The final piece of the argument concerns demand. Rapid growth over the past two decades has greatly raised incomes, and people have begun demanding better quality and variety in their diets. Brown calls this "moving up the food chain". It means demanding more meat, fish, dairy products and alcoholic beverages. These cost much more grain per calorie than when grain is consumed directly. And so the mushrooming of demand for grain for indirect uses is occurring just when the potential for increasing its production is disappearing.

The result, Brown argues, will inevitably be dependence on the world market to provide a large percentage of China's grain needs. Importing grain is nothing new for China, but up to now total imports have furnished only a small percentage of the total demand of its huge population. With that demand now approaching 500 million tonnes, any significant departure from basic foodgrain self-sufficiency could have drastic effects on world food prices, leading to a general shortage of grain and a "loss of food security [which] promises to become the defining focus of the global environmental threat".

Brown's book is very much in the Malthusian tradition, not only in its penchant for apocalyptic predictions, but also in its treatment of population growth as the principal cause of the impending food crisis: "In the new era, by far the most urgent need is to stabilize world population as soon as possible". This is of course an injunction to the developing countries, since Brown argues that the European Union presents a model of sustainability with regard to the food-population balance, with zero population growth and stable per capita grain consumption at a level below regional carrying capacity. But he does not draw a prime lesson from Europe's experience, namely, that appropriate economic and social development will motivate people to have fewer children. The "most urgent need" is really to encourage that kind of development, which would alleviate much human misery as well as creating the environment in which stabilisation of population becomes possible. As Amartya Sen has suggested, China's own remarkable record in reducing population growth may have as much to do with China's long record of providing health care, educational and employment opportunities for women, and rapid economic growth as with the coercive elements in its population policies.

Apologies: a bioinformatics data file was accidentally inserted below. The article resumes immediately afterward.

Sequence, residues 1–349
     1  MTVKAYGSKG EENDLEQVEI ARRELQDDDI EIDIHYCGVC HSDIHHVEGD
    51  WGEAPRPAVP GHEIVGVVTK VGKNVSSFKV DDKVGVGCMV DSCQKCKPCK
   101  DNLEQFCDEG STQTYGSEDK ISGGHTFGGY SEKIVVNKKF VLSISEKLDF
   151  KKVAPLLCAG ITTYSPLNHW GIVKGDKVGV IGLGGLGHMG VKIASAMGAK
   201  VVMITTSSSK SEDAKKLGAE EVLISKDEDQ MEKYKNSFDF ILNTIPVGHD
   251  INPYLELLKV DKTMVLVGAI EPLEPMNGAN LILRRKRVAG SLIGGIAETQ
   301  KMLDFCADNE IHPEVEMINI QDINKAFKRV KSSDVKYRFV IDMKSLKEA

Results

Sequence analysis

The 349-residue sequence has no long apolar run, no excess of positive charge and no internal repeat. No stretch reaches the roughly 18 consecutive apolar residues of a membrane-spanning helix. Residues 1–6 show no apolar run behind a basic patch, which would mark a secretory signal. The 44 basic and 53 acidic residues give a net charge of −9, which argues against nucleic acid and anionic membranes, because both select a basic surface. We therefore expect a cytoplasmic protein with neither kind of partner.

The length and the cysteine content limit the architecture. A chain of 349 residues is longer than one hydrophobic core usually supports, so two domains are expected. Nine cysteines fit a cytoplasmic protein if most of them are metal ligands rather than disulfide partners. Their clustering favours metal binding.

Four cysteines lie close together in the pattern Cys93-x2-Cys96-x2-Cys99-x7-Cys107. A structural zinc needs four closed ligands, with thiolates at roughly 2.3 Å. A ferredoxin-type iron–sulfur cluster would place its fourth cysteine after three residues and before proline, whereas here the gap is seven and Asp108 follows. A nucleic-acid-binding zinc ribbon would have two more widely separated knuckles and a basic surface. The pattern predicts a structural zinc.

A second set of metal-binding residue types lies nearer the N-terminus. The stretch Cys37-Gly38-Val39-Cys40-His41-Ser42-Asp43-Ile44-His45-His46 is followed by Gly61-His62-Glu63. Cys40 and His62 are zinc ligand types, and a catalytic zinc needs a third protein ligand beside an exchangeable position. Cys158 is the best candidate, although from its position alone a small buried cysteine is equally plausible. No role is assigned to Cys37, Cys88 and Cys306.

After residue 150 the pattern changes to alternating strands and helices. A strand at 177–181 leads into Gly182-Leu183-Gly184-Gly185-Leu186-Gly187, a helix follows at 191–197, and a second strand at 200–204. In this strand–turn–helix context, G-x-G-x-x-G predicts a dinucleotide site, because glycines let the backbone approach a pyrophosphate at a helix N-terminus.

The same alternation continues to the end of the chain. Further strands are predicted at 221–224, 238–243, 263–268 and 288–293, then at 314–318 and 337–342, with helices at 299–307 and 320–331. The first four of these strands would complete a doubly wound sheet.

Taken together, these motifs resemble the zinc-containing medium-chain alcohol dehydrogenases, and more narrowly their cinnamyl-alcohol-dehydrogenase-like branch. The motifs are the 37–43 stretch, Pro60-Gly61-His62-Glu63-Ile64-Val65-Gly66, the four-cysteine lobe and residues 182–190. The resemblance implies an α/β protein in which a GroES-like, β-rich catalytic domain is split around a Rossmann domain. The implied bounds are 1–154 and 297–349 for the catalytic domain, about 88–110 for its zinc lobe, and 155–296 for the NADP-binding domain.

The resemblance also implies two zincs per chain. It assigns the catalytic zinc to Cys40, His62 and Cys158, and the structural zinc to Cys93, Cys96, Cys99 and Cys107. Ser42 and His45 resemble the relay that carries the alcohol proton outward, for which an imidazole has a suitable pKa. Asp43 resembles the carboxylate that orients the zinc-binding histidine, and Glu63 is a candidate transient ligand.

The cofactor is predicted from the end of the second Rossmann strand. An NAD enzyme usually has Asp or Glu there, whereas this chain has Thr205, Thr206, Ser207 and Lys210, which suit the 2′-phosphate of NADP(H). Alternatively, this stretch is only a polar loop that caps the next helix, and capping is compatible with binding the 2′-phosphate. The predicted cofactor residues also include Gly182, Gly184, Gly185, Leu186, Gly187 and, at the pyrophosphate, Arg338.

Brown fails to focus on the gross inequalities in per capita grain consumption between the developed and developing worlds, although he points out in passing that rationing of livestock products in the rich countries would release large quantities of grain. Indeed, the long-run "sustainability" of an agriculture heavily dependent on fossil energy, as it is in China as well as in Europe and America, is a question he also avoids.